DW: How do you feel about the Pan-European Picnic today, 25 years later?
Walburga Habsburg Douglas: I feel incredibly thankful, proud and happy that I was able to be there when the Iron Curtain fell. As long as I can remember, I've worked toward European unity. At the picnic, we saw the beginnings of European reunification.
What gave you the idea for a Pan-European Picnic?
My father, Otto von Habsburg, had just been re-elected as a Christian Social (CSU) MP for the European Parliament. After the vote, he traveled to Hungary to tell people about the significance of the European election for Central and Eastern Europe. We pondered what we could do to show that Hungary is a part of Europe – and had the idea of a cross-border picnic.
From 1916 to 1918, my father was crown prince of Austria-Hungary, so he was an important man. But since he didn't want to be the center of attention and the event was aimed at discussing what role Hungary should play in Europe in the future, he sent me to the border as a representative of the Pan-European Union. I had already asked the Hungarian government for permission. Together, Minister of State Imre Pozsgay and my father sponsored the project.
Had you expected the East German run on the border, or even planned it?
As we were preparing for the event, we realized that it was a possibility. We distributed flyers in Budapest, which was full of East Germans. And we thought, perhaps this is an opportunity for these people to escape their mouse trap.
Weren't you afraid when the masses stormed across the border?
I wasn't afraid because I knew that the Soviets had withdrawn their troops from the border with Austria. That would have been the only thing to be afraid of. The mood was so uplifting. And then I asked the Hungarian border patrol about their reaction in case of a mass flight. They said they had three options: "We could try to stop them – but it's just the four of us. We could shoot, but we don't have orders. So we've decided to turn our backs and not even watch." I thought that was perfect. In the end, 661 East Germans managed to flee.
In his book "Der erste Riss in der Mauer" (The first Crack in the Wall), Andreas Oplatka, a Hungarian-Austrian author, says the Hungarian government used this picnic planned by citizens to find out whether the Soviet troops stationed in Hungary would bolster their border controls. Would you agree with his point of view?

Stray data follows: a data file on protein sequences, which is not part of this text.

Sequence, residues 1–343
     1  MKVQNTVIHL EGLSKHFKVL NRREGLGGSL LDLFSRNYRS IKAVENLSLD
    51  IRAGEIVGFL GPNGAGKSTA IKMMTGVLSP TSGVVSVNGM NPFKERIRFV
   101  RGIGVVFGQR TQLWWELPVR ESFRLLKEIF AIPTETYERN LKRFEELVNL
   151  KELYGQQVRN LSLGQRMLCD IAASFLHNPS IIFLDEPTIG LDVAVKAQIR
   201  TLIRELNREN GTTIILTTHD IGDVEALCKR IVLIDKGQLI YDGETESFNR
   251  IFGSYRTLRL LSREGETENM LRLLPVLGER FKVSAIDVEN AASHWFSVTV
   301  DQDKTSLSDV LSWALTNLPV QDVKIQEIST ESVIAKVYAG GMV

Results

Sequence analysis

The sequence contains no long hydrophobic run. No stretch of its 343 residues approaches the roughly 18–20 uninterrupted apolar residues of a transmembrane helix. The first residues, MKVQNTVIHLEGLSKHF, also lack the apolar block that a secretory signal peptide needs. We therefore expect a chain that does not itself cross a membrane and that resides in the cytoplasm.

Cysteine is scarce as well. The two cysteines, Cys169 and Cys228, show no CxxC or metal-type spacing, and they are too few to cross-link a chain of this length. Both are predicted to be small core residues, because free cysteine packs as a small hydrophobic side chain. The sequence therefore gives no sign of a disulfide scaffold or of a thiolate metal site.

I didn't feel used at all. But on the eve of the picnic, I knew something was going to happen. We were aware that the Iron Curtain could fall.
Back then, were you also aware of the consequences this event could have for German unification?
I'd be exaggerating if I said I had an inkling, but I did have the feeling that something was brewing. After all, I did follow the Monday demonstrations in East Germany, and was in touch with Germans in East Germany. I hoped we'd be able to achieve something with our involvement.
In how far has that event influenced your life?
I've worked for the collapse of communism all my life. The Pan-European Picnic strengthened my commitment to a united Europe. Now, 25 years later, it's great to see that the European idea of peace, open borders and freedom has come true.
Walburga Habsburg Douglas is the granddaughter of Austria's last emperor and the youngest daughter of former European parliamentarian Otto von Habsburg. She was active in Germany's Pan-European youth group, and later acted as Secretary General of the International Pan-European Union, only to become the union's chairwoman in 2004.
On August 19, 1989, Habsburg Douglas along with members of Hungary's opposition and a group of Austrians organized the Pan-European Picnic. Walburga Habsburg Douglas, a lawyer, is married to a Swedish count and is a member of Sweden's parliament for the conservative Moderate Party. She is also active in the Organization for Security and Cooperation in Europe (OSCE).